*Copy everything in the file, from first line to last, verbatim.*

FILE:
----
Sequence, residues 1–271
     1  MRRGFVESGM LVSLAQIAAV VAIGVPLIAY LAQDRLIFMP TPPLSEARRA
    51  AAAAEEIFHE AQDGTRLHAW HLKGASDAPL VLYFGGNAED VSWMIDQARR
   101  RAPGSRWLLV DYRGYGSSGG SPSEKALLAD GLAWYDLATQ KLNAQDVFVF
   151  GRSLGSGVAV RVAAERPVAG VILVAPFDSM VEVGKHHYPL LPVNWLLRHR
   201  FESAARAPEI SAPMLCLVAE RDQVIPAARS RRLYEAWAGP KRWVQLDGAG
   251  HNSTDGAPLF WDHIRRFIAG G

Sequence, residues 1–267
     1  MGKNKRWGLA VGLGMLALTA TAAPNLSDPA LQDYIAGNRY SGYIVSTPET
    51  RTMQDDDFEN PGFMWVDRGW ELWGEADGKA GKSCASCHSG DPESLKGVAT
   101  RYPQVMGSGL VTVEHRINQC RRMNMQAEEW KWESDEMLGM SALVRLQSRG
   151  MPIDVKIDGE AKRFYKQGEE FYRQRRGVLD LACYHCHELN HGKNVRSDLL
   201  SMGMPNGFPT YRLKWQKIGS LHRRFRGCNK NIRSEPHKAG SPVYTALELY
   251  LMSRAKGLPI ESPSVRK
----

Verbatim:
Sequence, residues 1–271
     1  MRRGFVESGM LVSLAQIAAV VAIGVPLIAY LAQDRLIFMP TPPLSEARRA
    51  AAAAEEIFHE AQDGTRLHAW HLKGASDAPL VLYFGGNAED VSWMIDQARR
   101  RAPGSRWLLV DYRGYGSSGG SPSEKALLAD GLAWYDLATQ KLNAQDVFVF
   151  GRSLGSGVAV RVAAERPVAG VILVAPFDSM VEVGKHHYPL LPVNWLLRHR
   201  FESAARAPEI SAPMLCLVAE RDQVIPAARS RRLYEAWAGP KRWVQLDGAG
   251  HNSTDGAPLF WDHIRRFIAG G

Sequence, residues 1–267
     1  MGKNKRWGLA VGLGMLALTA TAAPNLSDPA LQDYIAGNRY SGYIVSTPET
    51  RTMQDDDFEN PGFMWVDRGW ELWGEADGKA GKSCASCHSG DPESLKGVAT
   101  RYPQVMGSGL VTVEHRINQC RRMNMQAEEW KWESDEMLGM SALVRLQSRG
   151  MPIDVKIDGE AKRFYKQGEE FYRQRRGVLD LACYHCHELN HGKNVRSDLL
   201  SMGMPNGFPT YRLKWQKIGS LHRRFRGCNK NIRSEPHKAG SPVYTALELY
   251  LMSRAKGLPI ESPSVRK